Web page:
‘Abuse is Not Love’, says YSL in new campaign to combat partner violence

By Charlotte Turner |

In the lead-up to the UN’s International Day for the Elimination of Violence Against Women on 25 November, 2020, Yves Saint Laurent Beauty has launched ‘Abuse is Not Love’; a new global programme aimed at helping to combat intimate partner violence (IPV) by supporting the prevention programs of its non-profit partners.


Abuse is Not Love is built around three key pillars; funding academic research on the topic to develop thought-leadership around youth and prevention; educating at least 2 million people on the common signs of IPV through international partnerships; and training YSL Beauty employees and beauty advisors on intimate partner violence in the workplace.


TRBusiness attended a virtual panel discussion moderated by Juleah Aiken, International Sustainable Engagement Project Manager – YSL Beauty, featuring: Tracey Vitchers, Executive Director, It’s On Us; Ynaée Benaben, Co-Founder, En avant toute(s); Nicki Norman, Acting CEO, Women’s Aid Federation; Beth Livingston, Gender and Behavioural Management Researcher and Academic and Stephan Bezy, General Manager, Yves Saint Laurent Beauty.


L’Oréal confirmed to TRBusiness during a Q&A session that the new campaign video will be shared at PoS in all retail channels, online and via its social media platforms. It will also be aired in public spaces in France and the UK, including at travel retail locations such as airports.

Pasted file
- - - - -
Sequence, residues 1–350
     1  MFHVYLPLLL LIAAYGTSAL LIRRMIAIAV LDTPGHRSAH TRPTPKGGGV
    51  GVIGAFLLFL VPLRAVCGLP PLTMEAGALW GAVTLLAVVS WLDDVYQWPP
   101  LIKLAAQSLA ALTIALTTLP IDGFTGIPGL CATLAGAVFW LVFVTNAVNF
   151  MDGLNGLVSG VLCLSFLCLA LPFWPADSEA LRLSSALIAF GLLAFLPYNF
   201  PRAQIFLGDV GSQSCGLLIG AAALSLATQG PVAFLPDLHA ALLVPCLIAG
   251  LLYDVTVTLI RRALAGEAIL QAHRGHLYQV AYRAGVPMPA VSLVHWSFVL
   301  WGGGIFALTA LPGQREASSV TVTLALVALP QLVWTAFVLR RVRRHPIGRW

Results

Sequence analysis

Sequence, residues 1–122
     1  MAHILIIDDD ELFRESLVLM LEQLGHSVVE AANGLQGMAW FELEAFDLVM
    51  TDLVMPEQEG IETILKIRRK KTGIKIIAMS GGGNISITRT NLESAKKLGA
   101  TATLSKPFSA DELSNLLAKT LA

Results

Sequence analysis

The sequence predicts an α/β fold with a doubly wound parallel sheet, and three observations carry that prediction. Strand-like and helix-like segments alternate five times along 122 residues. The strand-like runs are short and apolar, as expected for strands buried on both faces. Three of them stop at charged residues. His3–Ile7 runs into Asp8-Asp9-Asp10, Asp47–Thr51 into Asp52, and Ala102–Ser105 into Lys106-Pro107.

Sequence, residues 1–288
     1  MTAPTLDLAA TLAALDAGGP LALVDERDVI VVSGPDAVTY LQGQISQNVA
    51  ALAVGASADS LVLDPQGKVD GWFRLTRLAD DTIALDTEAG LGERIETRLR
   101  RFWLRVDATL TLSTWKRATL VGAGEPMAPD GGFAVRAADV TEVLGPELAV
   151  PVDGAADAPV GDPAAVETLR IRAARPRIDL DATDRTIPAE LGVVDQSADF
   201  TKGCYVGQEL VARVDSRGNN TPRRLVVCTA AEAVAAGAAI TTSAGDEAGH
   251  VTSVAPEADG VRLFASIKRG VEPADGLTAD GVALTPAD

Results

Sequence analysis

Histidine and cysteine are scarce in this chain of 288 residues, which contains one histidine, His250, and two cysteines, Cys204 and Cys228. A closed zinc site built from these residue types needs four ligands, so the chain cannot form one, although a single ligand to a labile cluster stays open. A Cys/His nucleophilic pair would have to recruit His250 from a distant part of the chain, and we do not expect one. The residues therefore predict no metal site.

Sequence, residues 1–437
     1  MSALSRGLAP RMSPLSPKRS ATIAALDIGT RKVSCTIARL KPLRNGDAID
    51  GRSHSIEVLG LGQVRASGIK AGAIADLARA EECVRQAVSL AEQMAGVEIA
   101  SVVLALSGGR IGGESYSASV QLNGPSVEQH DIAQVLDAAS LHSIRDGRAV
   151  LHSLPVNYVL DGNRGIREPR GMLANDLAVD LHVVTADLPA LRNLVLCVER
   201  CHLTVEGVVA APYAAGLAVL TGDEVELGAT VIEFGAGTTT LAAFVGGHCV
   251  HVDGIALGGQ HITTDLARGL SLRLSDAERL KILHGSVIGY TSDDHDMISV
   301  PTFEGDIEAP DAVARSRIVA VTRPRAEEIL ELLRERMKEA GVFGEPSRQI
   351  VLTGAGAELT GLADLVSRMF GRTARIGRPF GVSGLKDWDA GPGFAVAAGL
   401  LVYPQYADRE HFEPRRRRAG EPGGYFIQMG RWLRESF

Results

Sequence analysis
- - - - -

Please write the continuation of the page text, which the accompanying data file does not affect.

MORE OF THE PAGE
During the event, L’Oréal was keen to emphasise that IPV is a major societal issue, with approximately 1 in 3 women experiencing intimate partner violence in their lifetime.


“IPV is one of the most common forms of violence against women and includes physical, sexual, financial, and emotional abuse, as well as controlling behaviours by an intimate partner,” said L’Oréal.


“In the United States, United Kingdom and France, one woman is killed by her partner every three days. Globally, more than 600 million women are living in a country where intimate partner violence is not considered a crime.


“Intimate Partner Violence affects individuals from all socioeconomic, religious, and cultural groups, however, women are most at risk, with the highest rates seen among young adults aged 16-24.”


According to research seen by L’Oréal, intimate partner violence prevalence rates have increased by 30 to 60 percent as a result of the Covid-19 pandemic.


“Many women have been living in lockdown with an abusive partner and have been unable to seek support from expert organisations, friends, loved ones and colleagues,” said the beauty giant.


“Research shows that IPV comes with key warning signs. If these signs can be detected earlier, we may be able to recognise it better and seek or offer help. YSL Beauty aims to do its part in raising awareness of these common signs.”


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